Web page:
But how would you then label the tapes so that the data would be consistent?
Wouldn't this mean that in order for the data and the parity to be consistent that you would only be able to write the data in (n-1) "chunks" - i.e. if you had 3 LTO-8 tape drives, the total raw, uncompressed capacity would be 36 TB, with only 24 TB that's "usable" since 12 TB would be used to store the parity data.
That also means that those three tapes will always have to work in conjunction with each other, so when you want to read data from this group of tapes, you will have to load all three tapes into the three tape drives simultaneously in order for this to work, correct?
And if you have 5 drives, then you would have to load all five tapes in at the same time for this to work, right? (etc. etc. as you increase the number of tape drives)
Conversely, why do that when you can just use par2 instead? You write the parity data to each individual tape so that with a single drive, the tape will contain all of the information self-contained within the tape, and if you are worried, you can also create/write parity of the parity data onto the tape as well.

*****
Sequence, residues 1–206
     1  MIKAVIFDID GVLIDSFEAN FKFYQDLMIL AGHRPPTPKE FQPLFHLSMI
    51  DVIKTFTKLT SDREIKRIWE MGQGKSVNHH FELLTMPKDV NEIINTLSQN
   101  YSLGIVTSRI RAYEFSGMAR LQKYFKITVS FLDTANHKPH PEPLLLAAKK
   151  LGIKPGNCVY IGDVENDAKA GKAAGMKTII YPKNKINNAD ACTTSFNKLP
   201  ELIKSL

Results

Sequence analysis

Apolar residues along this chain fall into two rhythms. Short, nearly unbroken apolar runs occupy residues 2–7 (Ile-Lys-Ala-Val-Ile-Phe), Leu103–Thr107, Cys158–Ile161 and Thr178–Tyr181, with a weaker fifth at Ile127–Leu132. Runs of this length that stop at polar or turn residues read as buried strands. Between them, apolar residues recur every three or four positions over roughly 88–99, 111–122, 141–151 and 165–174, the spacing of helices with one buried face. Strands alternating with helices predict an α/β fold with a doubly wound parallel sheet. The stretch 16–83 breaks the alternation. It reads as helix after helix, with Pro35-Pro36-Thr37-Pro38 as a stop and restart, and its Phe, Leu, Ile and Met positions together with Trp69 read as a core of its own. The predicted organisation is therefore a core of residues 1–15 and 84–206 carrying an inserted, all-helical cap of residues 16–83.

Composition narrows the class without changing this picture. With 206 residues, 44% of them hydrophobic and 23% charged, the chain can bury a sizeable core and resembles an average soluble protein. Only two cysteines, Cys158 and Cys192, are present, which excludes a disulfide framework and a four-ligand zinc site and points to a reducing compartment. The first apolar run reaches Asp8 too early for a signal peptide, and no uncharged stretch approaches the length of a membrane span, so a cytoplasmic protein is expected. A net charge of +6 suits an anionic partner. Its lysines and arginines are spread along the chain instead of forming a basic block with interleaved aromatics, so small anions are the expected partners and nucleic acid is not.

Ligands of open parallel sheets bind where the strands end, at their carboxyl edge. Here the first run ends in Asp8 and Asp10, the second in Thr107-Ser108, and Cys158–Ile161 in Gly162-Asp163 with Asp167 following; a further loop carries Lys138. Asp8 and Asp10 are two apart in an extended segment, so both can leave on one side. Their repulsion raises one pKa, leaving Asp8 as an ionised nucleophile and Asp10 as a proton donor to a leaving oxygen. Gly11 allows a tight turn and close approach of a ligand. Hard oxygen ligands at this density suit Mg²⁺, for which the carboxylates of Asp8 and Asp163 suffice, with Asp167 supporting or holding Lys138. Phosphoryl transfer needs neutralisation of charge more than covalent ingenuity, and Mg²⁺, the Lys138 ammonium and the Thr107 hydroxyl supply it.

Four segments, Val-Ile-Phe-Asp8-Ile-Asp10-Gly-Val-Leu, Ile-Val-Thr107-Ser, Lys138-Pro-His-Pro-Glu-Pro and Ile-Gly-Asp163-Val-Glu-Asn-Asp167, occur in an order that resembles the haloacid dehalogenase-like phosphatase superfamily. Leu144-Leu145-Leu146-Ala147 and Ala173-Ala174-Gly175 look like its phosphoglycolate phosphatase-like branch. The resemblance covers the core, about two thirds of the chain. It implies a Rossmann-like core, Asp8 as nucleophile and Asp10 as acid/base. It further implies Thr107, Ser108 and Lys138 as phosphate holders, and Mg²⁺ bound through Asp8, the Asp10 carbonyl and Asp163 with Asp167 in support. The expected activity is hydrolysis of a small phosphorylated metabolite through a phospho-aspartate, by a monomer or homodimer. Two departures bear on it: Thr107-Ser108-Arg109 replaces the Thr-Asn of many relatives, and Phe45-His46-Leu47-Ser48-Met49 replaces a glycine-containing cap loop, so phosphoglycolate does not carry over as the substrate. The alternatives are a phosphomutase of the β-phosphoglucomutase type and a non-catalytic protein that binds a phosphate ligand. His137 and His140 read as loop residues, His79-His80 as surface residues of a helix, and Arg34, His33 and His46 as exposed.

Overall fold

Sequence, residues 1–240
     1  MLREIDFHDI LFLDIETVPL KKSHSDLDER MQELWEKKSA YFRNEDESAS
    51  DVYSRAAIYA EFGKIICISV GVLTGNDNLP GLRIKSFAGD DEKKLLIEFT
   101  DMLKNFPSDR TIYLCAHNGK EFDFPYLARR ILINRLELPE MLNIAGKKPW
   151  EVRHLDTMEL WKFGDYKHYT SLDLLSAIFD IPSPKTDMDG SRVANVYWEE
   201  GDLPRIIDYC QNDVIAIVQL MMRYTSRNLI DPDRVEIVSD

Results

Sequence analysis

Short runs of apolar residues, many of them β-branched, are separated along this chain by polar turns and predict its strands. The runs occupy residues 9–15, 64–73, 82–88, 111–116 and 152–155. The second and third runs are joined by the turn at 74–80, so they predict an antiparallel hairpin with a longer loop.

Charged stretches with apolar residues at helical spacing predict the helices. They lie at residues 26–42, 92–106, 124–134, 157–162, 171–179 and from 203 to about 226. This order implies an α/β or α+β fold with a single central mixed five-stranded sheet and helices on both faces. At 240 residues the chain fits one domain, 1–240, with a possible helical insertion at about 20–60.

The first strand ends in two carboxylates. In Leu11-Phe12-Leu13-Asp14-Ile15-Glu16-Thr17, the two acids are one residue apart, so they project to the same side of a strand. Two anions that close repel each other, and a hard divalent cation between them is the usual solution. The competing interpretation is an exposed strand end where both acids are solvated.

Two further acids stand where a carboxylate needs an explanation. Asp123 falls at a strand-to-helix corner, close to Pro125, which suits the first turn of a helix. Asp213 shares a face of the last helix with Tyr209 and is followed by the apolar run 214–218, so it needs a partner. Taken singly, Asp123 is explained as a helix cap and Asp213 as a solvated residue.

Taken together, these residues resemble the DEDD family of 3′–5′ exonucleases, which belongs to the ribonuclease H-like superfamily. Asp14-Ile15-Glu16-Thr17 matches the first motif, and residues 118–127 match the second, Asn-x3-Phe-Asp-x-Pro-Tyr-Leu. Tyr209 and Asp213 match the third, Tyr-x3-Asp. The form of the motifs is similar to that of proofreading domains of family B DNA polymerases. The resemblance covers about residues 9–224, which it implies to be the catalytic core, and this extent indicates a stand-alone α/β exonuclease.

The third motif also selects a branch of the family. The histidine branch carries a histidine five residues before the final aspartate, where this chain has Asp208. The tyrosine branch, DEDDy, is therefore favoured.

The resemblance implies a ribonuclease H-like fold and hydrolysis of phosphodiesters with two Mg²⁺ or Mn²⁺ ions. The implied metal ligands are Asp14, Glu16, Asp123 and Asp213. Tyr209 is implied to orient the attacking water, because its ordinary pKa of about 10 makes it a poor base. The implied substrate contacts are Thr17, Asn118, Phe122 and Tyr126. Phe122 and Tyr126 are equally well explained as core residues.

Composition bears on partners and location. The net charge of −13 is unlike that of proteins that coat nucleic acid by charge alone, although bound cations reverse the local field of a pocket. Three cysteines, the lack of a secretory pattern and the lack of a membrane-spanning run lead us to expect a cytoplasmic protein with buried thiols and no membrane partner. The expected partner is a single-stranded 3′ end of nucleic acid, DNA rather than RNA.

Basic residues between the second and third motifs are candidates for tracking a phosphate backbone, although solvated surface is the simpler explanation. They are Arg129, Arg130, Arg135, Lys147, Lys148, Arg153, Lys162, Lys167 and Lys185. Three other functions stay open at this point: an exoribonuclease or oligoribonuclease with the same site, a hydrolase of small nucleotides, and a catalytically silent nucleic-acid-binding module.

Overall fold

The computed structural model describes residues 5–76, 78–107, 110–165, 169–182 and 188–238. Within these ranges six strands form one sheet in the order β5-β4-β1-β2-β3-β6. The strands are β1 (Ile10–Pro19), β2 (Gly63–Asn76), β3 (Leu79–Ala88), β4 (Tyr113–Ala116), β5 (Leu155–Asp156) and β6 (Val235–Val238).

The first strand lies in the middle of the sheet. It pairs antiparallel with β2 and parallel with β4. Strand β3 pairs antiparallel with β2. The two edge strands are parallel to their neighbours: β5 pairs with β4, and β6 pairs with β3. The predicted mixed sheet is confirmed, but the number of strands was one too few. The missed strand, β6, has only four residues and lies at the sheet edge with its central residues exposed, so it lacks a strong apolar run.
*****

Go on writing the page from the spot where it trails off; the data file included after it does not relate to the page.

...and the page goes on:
Isn't that what double parity does?
Single parity is parity on your original data/file.
Double parity would be parity on top of your original data/file AND the first set of parity data that was generated/calculated by the RAID HBA or OS/CPU if you're using software RAID?
And if you are worried about the tape being a single point of failure (e.g. the tape is burned up in a fire), you can have x number offsite, colocated copies for disaster recovery.
This way, you don't have to wait for n number of tape drives to synchronize (and loading n number of tapes simultaneously) to be able to move data around. Instead of waiting to eject and load 5 tapes, while one tape is being ejected, another could already be loaded and it can start reading the next tape already. Whereas with RAIT, you'd have to synchronize the tape drives so that the group of tapes will work as a single unit together.
(And the load/unload mechanism isn't exactly the fastest, even with LTO-8. It can still take upto a minute with my current drive (not a tape library) to bring a tape up online so that it can be read/written to.)